Location, Parking: River Point is located on Route 100, just east of the Falmouth Crossing Shopping Center. You can access the River Point area via Falmouth Road. The property can also be accessed by canoe from the Presumpscot River where it joins the Piscataqua.
Property Description: River Point is a 41-acre jewel of a property in the middle of an otherwise highly developed area of town. Known historically as Three Rivers Farm, it borders the Presumpscot River and both east and west branches of the Piscataqua Rivers.
Natural Features: With its water features, including two small ponds and diverse habitat, the property is home to a wide variety of plants and wildlife, including the endangered New England cottontail rabbit. Eagles, hawks and ospreys can be seen here, along with many songbirds. Coyotes, beaver, fox, deer, and many small mammals can also be found. Over a mile of walking trails are located on the property. Informational tags identify many of the indigenous trees. Click here for photos of the natural features that River Point Conservation Area has to offer.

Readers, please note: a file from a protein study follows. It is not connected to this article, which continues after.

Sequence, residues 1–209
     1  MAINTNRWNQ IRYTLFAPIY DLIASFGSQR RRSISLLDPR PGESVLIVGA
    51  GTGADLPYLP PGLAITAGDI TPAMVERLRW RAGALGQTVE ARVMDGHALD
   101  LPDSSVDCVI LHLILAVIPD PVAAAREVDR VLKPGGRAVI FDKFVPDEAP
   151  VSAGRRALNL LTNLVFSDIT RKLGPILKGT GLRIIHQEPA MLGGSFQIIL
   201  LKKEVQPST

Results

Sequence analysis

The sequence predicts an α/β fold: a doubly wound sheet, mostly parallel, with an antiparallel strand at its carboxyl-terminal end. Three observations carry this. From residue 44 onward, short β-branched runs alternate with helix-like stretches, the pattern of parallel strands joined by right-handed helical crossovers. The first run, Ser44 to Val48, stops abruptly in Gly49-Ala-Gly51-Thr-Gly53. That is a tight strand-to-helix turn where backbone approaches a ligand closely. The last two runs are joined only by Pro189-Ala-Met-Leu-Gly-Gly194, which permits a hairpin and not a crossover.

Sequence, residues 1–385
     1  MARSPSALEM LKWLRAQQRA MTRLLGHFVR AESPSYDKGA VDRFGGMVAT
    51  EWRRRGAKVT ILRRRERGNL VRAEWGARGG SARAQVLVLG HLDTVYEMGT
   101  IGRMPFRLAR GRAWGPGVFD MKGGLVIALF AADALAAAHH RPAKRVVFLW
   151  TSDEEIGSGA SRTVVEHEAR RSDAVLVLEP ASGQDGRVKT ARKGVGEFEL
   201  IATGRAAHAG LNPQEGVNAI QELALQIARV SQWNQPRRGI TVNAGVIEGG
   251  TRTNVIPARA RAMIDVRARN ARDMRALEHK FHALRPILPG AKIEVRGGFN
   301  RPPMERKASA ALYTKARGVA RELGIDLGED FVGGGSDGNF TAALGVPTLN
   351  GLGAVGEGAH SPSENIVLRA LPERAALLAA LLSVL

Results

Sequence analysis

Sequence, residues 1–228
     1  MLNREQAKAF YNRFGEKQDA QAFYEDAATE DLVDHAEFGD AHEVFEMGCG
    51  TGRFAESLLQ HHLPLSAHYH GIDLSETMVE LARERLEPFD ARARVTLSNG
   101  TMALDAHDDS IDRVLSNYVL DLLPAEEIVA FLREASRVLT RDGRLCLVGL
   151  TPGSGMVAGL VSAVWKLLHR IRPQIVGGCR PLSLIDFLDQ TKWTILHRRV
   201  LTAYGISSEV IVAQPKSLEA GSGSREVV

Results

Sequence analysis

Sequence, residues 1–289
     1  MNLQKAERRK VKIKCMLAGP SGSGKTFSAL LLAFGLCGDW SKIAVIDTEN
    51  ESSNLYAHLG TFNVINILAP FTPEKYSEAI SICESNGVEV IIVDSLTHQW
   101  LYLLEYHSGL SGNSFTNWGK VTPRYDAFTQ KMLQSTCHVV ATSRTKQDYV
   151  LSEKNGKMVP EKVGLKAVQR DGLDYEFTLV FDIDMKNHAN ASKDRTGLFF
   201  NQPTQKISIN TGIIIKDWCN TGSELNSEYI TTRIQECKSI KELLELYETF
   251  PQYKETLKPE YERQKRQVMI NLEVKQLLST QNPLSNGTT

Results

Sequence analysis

History: River Point was used for thousands of years as a campsite by Native Americans as they traveled seasonally from Sebago Lake to the ocean. The first white settler was Jonathan Hobbs and his family, who homesteaded the original 151-acre property in 1775. The Hobbs’ farmed here until 1883 and also established a brickyard and shingle mill on the property. In 1859, the Kennebec & Portland Railroad line bisected the property. The bridge, the only bridge in Maine built to connect to just one house, provided access to Route 100. The town acquired River Point in 1995 when the shopping center was developed. The Town Council designated the 41-acre property as a conservation area in 2009.
Allowable Uses: Hiking, mountain biking, snowshoeing, cross-country skiing, fishing, and nature study are all allowed. Motorized vehicles are prohibited. Trails are moderately difficult and not handicapped accessible. A very scenic hiking trail extends north from River Point up the East Branch to the high school, a distance of about 3 miles.
Cautions: Deer ticks are common; care must be taken to avoid Lyme disease. Poison ivy also grows thickly along the riverbank and should be avoided. Some trail sections are prone to flooding in high water.
Click here for more photos of River Point Conservation Area.